A theory should primarily match the data and thus we should first seeif it in fact does so. Proving a characterization theorem that shows theequivalence of one formulation of a theory to another formulation doesnot, by definition, prove anything about the data. The two formulationswill be just as close to, or far away from, the data. So you have to askyourself: ‘Why am I doing this and what purpose does it serve?’But from my point of view, it is more important to axiomatizeparadigms than theories. With respect to the axiomatization of aparadigm, I can tell a coherent story of scientific development whereaxiomatization would play a major role: scientists are dealing withvarious problems and we could help them. For example, manyeconomists are developing models. And the questions that we canaddress are: ‘What models and theories should they be using?’ and‘In which language should they be formulating their models, whenthey develop them?’ Here, an axiomatization can help. And in such a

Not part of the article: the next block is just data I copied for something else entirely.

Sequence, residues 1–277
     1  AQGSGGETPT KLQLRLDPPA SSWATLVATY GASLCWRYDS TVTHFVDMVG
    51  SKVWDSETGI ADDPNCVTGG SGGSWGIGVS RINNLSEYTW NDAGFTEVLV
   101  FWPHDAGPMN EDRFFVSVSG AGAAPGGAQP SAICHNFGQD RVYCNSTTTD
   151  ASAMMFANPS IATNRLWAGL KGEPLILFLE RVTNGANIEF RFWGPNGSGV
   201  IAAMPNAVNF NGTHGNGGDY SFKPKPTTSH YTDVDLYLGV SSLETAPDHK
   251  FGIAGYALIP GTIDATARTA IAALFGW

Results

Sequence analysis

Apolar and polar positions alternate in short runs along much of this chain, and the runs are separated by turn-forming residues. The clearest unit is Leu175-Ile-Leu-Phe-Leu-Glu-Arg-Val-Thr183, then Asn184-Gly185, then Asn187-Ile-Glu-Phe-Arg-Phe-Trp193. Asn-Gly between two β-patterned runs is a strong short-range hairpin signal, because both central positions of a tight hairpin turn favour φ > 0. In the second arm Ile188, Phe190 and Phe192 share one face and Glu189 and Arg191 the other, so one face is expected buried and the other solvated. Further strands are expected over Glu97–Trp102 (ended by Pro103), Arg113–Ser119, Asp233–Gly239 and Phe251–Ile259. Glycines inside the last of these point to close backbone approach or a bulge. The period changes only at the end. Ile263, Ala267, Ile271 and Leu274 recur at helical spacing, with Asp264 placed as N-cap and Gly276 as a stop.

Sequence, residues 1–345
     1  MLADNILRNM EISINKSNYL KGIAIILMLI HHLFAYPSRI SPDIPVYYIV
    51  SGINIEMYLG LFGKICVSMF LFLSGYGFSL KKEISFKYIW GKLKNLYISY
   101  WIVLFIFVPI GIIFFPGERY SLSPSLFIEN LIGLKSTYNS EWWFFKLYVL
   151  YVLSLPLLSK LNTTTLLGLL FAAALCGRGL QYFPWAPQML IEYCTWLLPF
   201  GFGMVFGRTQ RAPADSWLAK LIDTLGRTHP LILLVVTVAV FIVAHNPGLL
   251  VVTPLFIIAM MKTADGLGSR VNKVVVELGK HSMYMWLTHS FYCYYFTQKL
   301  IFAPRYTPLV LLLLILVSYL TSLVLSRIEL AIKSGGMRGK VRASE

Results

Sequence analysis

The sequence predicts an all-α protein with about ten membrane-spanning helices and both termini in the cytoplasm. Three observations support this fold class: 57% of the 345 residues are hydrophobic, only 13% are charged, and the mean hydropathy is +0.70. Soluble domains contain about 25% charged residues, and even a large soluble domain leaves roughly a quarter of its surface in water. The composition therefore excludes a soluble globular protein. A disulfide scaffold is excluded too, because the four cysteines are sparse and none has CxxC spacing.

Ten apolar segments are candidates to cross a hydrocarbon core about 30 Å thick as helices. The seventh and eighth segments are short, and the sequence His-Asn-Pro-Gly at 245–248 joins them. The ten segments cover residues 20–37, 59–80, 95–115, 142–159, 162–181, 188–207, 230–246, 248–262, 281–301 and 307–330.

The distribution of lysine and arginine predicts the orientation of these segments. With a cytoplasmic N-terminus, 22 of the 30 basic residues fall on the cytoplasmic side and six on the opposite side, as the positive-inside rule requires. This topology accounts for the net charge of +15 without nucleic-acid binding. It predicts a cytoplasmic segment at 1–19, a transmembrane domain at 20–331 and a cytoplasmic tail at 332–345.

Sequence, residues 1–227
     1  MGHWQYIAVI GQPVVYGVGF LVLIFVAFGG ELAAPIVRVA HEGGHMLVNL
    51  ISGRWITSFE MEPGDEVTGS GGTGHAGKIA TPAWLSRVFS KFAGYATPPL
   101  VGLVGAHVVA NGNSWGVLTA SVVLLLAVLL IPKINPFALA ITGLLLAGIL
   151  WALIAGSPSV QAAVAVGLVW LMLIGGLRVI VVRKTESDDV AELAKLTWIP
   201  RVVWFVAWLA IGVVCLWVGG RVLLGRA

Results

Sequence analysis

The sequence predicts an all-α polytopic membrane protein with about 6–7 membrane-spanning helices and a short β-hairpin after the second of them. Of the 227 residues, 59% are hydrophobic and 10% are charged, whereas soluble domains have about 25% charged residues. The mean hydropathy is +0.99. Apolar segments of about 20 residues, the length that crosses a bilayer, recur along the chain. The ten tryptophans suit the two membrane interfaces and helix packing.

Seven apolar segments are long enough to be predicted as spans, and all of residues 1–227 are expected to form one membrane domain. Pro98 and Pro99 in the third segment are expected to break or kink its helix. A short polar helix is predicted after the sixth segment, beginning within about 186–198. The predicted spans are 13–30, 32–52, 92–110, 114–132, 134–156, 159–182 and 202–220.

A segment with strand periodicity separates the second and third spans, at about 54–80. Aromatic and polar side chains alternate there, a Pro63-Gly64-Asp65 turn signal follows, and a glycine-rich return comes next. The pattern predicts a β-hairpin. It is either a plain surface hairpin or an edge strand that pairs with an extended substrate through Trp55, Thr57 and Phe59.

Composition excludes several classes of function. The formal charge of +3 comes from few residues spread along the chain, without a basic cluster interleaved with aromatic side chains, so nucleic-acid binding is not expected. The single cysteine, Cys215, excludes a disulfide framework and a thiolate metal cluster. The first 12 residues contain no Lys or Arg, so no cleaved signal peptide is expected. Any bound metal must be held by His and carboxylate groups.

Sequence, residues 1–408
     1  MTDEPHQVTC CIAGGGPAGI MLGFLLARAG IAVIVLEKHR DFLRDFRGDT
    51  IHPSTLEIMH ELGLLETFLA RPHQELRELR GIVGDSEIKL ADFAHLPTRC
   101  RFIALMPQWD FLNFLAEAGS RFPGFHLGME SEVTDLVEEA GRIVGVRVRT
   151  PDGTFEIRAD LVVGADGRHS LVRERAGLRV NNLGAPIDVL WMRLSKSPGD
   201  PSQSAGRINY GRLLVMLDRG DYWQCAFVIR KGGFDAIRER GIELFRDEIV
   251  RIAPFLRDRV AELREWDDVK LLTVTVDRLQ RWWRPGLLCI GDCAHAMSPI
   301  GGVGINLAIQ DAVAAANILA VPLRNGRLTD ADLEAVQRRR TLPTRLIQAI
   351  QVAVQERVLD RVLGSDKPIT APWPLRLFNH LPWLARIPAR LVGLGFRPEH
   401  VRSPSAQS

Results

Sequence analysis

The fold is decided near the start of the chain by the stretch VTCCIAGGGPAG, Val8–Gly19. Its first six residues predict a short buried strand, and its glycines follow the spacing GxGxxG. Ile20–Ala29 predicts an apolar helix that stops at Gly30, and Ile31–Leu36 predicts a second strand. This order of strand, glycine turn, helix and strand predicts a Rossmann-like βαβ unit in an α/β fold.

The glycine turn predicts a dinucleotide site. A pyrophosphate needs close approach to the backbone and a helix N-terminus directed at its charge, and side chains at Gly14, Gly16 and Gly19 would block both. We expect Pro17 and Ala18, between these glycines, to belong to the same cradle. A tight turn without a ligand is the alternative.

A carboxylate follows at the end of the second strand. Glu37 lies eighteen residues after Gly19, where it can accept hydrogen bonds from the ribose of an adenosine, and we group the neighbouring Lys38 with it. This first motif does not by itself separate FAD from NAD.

way it could also help in behavioural economics and neuroeconomics.But I do not think that these fields have yet developed such a paradigm.To the extent the behavioural economics has a paradigm, it seems to bethe same rational-choice paradigm of economic theory.
Com vocês, o grande Itzhak Gilboa (que tem um livrinho bacana sobre escolha racional).